BALTIMORE (WJZ)– The investigation into what caused a thrill ride at an Ohio fair to break apart, resulting in the death of one man, is ongoing. The tragedy has pushed inspectors in Maryland to take a closer look at a similar ride in Ocean City and local fairs.
Eighteen-year-old Tyler Jarel was killed after flying 50 feet, seven others were injured.
The Ohio State Fair opened Thursday, but all the rides remained closed. The experience was traumatic for many.
“I heard a girl scream help and I look over and I see some fly and then I see it slap to the ground,” witness Jennifer Body said.
Ohio governor John Kasich toured the fair grounds Thursday.
“We can’t speculate on what we’ll find, but what we do know is that there will be lessons that will be learned in one way or another,” he said.
State records show all inspections were up to date for the ride.
In Maryland, rides are inspected by the Department of Labor Licensing and Regulation.
The manufacturer of the “Freak Out” ride in Ocean City is the very same as the one that failed in Ohio. It was inspected thoroughly Thursday and it wasn’t the only ride in Maryland that’s been given a closer look as carnival and fair season approaches. It passed and is operational.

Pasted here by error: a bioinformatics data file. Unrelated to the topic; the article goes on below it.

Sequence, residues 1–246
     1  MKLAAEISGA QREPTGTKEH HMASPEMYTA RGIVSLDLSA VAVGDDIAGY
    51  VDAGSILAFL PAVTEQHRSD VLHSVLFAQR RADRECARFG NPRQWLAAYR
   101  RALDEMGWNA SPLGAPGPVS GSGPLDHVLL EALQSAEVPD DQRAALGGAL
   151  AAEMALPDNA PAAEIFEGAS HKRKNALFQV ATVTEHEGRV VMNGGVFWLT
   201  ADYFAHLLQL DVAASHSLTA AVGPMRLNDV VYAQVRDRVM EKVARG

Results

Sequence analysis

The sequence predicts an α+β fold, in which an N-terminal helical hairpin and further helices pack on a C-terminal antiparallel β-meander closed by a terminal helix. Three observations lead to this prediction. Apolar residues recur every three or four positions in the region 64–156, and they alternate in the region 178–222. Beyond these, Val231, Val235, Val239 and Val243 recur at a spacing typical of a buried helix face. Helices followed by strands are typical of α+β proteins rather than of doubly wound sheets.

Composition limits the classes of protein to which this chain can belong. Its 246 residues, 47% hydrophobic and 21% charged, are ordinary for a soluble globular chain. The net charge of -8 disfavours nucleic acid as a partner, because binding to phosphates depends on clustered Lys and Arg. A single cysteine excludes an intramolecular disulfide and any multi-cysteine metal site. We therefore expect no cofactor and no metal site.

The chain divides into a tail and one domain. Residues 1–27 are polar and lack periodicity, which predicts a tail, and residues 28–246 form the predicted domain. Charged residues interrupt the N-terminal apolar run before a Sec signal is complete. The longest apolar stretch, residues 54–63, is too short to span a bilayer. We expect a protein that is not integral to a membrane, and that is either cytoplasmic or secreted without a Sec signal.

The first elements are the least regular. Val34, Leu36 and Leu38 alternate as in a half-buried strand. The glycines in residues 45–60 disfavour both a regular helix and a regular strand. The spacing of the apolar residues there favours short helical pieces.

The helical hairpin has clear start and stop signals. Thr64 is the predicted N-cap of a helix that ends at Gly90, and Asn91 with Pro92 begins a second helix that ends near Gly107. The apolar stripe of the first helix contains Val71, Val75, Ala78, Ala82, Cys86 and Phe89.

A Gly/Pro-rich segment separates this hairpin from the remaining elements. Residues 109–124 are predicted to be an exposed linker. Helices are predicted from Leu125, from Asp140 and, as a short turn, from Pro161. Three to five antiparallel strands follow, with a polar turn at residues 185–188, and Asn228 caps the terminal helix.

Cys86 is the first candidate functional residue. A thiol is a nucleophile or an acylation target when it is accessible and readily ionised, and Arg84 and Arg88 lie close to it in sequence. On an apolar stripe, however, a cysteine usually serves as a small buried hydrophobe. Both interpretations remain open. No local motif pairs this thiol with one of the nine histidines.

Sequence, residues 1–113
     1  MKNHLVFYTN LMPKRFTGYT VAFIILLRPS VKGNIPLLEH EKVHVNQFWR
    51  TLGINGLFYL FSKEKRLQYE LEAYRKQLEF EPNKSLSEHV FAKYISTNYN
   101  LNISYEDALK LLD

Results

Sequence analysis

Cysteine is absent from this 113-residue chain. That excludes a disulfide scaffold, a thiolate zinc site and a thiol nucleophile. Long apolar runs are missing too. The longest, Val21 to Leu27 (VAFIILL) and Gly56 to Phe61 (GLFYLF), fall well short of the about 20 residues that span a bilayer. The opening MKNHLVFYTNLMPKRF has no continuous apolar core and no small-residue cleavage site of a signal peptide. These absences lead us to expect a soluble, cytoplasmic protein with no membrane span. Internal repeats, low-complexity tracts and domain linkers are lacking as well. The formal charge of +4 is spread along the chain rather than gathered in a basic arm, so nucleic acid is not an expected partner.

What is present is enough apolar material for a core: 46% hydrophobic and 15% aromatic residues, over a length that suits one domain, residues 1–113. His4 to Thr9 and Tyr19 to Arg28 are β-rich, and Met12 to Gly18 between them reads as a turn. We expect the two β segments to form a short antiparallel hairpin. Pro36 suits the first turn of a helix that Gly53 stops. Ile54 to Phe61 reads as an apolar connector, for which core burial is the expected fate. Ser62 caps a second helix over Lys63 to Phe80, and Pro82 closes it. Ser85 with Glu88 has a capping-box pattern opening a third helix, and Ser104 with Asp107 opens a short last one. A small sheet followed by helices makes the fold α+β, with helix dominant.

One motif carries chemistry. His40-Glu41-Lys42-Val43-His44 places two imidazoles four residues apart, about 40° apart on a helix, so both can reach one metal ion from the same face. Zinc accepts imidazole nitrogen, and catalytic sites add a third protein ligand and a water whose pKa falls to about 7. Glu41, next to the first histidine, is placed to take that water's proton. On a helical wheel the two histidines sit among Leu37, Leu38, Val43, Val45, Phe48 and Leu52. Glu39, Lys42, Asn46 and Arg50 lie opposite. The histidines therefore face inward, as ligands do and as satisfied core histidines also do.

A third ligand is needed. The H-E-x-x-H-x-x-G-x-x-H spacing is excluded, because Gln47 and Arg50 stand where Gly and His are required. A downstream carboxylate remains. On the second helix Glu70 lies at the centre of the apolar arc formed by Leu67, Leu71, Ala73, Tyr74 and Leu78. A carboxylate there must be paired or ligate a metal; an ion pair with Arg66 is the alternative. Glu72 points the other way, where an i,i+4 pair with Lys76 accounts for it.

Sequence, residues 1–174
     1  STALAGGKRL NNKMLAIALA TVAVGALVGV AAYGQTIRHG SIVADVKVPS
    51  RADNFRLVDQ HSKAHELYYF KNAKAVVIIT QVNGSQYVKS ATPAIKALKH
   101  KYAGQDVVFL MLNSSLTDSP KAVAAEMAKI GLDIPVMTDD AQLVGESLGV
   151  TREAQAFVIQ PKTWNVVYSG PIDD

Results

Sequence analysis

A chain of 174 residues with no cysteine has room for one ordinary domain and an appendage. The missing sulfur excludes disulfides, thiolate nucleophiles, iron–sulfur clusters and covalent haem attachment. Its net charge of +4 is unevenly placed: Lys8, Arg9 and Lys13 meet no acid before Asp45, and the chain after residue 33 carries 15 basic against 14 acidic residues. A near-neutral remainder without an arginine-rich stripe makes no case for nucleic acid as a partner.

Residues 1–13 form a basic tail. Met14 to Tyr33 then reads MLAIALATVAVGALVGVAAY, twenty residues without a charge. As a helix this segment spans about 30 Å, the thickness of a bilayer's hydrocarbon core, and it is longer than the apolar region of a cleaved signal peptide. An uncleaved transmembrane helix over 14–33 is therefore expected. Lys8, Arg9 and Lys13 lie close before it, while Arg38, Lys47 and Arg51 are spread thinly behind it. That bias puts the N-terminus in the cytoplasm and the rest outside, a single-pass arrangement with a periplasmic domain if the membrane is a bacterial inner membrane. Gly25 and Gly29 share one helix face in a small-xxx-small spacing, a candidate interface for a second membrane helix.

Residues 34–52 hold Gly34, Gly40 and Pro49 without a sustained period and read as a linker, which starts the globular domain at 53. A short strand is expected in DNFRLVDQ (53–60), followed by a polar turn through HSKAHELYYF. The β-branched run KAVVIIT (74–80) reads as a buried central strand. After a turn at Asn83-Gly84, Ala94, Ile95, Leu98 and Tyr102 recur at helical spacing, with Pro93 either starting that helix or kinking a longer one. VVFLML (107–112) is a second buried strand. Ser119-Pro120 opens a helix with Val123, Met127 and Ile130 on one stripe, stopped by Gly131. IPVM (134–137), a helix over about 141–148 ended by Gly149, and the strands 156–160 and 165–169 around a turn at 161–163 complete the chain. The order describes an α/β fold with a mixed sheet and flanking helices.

“Every ride in Maryland is seen multiple times whether it be a carnival or a park ride,” said Rob Gavel of the Safety Inspection Unit for Maryland Dept. of Labor, Licensing and Regulation.
Cecil County Fair officials said they also perform their own daily inspections.
“Our guys go through and thoroughly inspect every ride every morning before we open,” said Beau Pugh of Deggeller Attractions.
There are no rides like the Fire Ball at the Cecil County Fair but word of what happened in Ohio has given parents some pause about what ride they’ll let their children on.
“It was definitely a concern for us when we were deciding to come here tonight,” Bethany Leonardi said.
Others, chose to believe it was just horrible accident that won’t happen again.
“Hopefully, it’ll stay that way,” one man said.
In Maryland, inspections are only legally required once a year for parks and every time they’re set up for carnival rides.
Officials say they go back from time-to-time to make sure everything is up to par.
The 18 year old killed in Ohio had just enlisted to be a Marine.